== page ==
This volume is based on a conference held at the Cardozo School of Law in ew York in 2015, and brings together American and European law academics to discuss the distinctive ways in which conscience claims have ‘spread’ in the public discourse over the last two or three decades. Conscientious objection used to be an individual matter for e.g. draftees and doctors, aimed at recusing oneself from complicity with evil, in contrast to civil disobedience, which was a larger collective movement aimed at changing public opinion and the law. These days, however, conscience seems to be in the news much more, mostly associated with organized religious conservative agendas – hence the title’s reference to a ‘war’ playing out in parallel to the efforts in and around a country’s legislature. Perhaps the most famous recent case of mobilized public conscience was that of the US Supreme Court case of Burwell u Hobby Lobby (2014), in which the owners of a company successfully challenged the legal requirement (under the 2010 Affordable Care Act) that the company fund contraception for its female employees. The owners’ objection was religious, and was framed in terms of their right to religious expression. . .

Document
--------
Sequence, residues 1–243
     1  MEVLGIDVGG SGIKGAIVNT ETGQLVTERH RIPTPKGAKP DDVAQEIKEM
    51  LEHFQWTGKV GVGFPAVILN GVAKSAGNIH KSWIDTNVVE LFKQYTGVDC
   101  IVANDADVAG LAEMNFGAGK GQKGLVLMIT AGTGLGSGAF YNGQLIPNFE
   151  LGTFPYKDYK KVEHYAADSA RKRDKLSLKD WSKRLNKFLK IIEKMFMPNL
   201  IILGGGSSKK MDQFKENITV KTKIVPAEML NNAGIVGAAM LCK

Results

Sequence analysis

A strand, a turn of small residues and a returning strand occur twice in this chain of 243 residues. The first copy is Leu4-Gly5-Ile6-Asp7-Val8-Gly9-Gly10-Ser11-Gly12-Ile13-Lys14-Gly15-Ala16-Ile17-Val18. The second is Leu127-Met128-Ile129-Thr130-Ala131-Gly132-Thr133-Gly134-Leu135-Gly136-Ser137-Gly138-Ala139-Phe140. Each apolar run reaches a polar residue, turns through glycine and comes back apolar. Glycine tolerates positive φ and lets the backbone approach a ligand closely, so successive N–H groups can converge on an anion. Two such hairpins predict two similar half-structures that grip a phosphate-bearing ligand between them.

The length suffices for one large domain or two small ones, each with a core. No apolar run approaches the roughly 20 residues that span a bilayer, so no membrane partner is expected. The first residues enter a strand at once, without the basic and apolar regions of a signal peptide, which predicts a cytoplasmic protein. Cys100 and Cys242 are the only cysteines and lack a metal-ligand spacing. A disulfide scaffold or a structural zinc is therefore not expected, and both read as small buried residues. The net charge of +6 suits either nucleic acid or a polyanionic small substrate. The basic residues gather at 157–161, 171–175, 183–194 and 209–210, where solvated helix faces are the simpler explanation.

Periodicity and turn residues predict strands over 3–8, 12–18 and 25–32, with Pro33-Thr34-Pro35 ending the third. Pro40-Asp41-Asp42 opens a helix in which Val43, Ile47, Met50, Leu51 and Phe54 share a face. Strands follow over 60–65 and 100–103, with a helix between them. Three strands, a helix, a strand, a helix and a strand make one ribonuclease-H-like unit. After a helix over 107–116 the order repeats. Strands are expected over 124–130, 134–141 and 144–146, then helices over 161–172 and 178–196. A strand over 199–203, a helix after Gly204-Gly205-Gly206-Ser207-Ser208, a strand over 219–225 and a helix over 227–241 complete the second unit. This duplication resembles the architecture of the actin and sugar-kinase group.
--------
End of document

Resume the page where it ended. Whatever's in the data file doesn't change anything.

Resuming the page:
Abstract: A survey of the recent literature suggests that physicians should engage religious patients on religious grounds when the patient cites religious considerations for a medical decision. We offer two arguments that physicians ought to avoid engaging patients in this manner. The first is the Public Reason Argument. We explain why physicians are relevantly akin to public officials. This suggests that it is not the physician’s proper role to engage in religious deliberation. This is because the public character of a physician’s role binds him/her to public reason, which precludes the use of religious considerations. The second argument is the Fiduciary Argument. We show that the patient-physician relationship is a fiduciary relationship, which suggests that the patient has the clinical expectation that physicians limit themselves to medical considerations. Since engaging in religious deliberations lies outside this set of considerations, such engagement undermines trust and therefore damages the patient-physician relationship.